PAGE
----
And now the most commanding two minutes in television, the latest from the wartime grapevine:
No Weapons Worries?
American and allied troops about to enter war with Iraq do not have to worry about Saddam's forces using chemical or biological weapons, that on the authority of none other than chief U.N. weapons inspector Hans Blix. He said world public opinion makes Saddam unlikely to use such weapons. According to Blix, "I think it is unlikely they will do that because there is a fair amount of skepticism about armed action....That skepticism would turn immediately around if they used chemical or biological weapons." Blix added, "Some people care about their reputation even after death."
And speaking of the United Nations, reporter Andrea Peyser of The New York Post wasn't getting any answers yesterday out of Iraq's envoy to the United Nations, Mohammed Al-Douri. In fact, Al-Douri was asking her the questions: "You are a Chris-tee-an, aren't you?" Peyser said no, citing her Jewish heritage. So Al-Douri dug a little deeper, asking, "Are you an Israelian?" Peyser said she was born in the states but her parents were born in Israel, at which point Al-Douri nodded and waved her away with his hand. And, according to Peyser's story in The New York Post, the day before Al-Douri called an Israeli reporter "a spy, a killer."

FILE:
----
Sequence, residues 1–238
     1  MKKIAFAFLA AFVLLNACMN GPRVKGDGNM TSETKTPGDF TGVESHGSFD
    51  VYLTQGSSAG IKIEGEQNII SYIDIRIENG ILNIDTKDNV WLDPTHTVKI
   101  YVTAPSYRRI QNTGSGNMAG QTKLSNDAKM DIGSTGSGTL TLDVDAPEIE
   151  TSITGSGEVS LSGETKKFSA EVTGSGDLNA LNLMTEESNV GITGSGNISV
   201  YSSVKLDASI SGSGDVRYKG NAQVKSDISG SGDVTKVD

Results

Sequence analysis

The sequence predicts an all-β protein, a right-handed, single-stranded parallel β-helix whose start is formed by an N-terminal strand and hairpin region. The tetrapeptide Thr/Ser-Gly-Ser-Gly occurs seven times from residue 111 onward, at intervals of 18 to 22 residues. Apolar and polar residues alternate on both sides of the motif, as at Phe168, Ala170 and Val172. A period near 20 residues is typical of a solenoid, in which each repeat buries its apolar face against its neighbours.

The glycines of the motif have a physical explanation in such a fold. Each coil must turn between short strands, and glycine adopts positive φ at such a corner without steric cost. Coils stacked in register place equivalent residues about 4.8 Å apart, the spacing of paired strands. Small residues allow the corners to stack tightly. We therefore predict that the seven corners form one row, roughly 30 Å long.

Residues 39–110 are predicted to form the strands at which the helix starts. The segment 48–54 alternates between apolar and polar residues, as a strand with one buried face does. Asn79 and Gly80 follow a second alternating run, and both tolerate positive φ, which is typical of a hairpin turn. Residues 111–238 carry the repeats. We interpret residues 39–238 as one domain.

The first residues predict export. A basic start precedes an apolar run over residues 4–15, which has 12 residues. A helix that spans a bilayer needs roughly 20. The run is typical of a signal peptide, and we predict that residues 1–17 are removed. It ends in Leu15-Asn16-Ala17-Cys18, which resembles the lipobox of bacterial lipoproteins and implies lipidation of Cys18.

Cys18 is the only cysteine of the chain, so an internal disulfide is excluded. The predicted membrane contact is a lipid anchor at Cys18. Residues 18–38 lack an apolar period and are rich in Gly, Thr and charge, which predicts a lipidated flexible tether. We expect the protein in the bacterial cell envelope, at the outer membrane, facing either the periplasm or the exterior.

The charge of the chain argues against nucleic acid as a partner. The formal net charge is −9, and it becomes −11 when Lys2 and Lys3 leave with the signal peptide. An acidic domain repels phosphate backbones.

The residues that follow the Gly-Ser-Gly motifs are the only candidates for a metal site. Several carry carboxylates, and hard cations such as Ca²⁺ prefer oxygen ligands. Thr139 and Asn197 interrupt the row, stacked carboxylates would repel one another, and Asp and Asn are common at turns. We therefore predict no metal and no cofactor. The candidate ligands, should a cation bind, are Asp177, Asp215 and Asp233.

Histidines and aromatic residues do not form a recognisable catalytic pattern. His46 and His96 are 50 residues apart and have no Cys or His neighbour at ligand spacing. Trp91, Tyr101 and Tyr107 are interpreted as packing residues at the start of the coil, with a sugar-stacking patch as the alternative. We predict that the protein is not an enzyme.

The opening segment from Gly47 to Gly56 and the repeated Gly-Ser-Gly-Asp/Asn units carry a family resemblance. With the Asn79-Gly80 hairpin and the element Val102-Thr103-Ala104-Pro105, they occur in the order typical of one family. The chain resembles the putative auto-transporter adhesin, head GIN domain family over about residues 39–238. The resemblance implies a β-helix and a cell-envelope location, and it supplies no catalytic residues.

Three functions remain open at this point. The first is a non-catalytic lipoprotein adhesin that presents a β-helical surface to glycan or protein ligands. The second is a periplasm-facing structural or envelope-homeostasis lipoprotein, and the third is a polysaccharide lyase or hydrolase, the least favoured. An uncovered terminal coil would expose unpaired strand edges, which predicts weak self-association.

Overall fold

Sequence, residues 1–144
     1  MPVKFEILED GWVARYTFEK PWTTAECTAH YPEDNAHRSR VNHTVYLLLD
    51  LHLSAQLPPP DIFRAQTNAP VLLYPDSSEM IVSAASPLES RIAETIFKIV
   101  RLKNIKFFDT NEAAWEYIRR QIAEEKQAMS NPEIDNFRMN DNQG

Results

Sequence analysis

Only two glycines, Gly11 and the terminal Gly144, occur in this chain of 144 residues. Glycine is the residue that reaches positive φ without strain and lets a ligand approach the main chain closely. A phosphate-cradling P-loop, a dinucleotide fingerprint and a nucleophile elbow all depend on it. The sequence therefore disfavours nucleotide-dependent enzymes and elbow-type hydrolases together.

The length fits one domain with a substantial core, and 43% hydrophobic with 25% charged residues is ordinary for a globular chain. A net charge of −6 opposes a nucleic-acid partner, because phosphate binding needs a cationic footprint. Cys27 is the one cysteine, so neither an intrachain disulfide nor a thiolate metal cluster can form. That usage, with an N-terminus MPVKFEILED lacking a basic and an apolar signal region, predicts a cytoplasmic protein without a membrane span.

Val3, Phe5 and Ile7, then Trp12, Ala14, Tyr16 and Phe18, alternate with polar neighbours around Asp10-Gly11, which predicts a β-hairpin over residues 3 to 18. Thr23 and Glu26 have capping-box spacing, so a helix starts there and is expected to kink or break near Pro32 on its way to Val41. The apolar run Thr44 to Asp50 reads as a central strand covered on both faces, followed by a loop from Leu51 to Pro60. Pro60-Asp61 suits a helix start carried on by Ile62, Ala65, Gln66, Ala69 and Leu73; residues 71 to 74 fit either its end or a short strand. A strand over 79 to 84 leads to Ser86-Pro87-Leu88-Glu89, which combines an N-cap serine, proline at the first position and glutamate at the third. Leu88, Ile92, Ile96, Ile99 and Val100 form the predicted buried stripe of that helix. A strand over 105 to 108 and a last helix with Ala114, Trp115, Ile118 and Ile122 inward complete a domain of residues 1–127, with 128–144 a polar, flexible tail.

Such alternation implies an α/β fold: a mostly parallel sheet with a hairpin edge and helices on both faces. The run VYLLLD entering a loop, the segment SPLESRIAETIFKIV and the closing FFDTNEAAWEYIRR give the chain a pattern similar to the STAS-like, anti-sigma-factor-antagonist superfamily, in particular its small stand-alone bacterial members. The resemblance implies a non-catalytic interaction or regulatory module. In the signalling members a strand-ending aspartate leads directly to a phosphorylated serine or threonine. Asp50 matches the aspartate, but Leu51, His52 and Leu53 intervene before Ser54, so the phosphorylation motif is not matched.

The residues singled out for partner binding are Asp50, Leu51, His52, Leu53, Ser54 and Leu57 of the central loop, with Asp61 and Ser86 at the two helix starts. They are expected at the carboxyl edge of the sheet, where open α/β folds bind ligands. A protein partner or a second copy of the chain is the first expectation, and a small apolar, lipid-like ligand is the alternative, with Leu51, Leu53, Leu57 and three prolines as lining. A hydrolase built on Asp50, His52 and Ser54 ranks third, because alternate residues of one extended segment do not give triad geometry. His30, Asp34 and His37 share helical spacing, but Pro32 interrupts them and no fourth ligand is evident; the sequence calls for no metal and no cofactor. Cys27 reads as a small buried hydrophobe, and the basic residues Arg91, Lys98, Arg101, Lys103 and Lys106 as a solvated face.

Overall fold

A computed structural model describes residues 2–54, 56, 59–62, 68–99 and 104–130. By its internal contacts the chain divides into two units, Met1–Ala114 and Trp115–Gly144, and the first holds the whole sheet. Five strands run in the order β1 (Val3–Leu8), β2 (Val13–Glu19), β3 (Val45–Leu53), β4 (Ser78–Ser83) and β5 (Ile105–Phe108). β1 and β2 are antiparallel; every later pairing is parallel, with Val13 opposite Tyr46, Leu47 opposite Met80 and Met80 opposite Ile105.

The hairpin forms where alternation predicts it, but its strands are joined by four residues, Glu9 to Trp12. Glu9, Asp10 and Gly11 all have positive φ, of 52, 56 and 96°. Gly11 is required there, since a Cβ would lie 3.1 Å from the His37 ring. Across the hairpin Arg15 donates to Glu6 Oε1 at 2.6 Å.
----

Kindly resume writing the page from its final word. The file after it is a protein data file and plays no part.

Getting Turner-ed Down
Ted Turner, the man who founded CNN, can't seem to get an assignment from them. He's offered to work for free as a reporter for the network's Baghdad reporting team, that according to the Associated Press. "I'm 64 and pretty well wiped out financially anyway. I might as well go down in flames." But CNN turned down the offer.
And speaking of the media, the man once called the most trusted in America, former CBS anchor Walter Cronkite, acknowledges the press does tilt toward liberalism. But he said the tilt is not so great that the press is politically partisan. He said most news people start their early years as cub reporters, covering the seamy side of life and seeing the poverty. As a result, he said, reporters tend to favor the underprivileged. As for his own views, Cronkite called President Bush and his administration "arrogant" when it comes to Iraq, according to the Daily Record in New Jersey. He said, "Every little country in the world that has a border conflict with another little country... they now have a great example from the United States... I'm very disappointed that we've come to this point."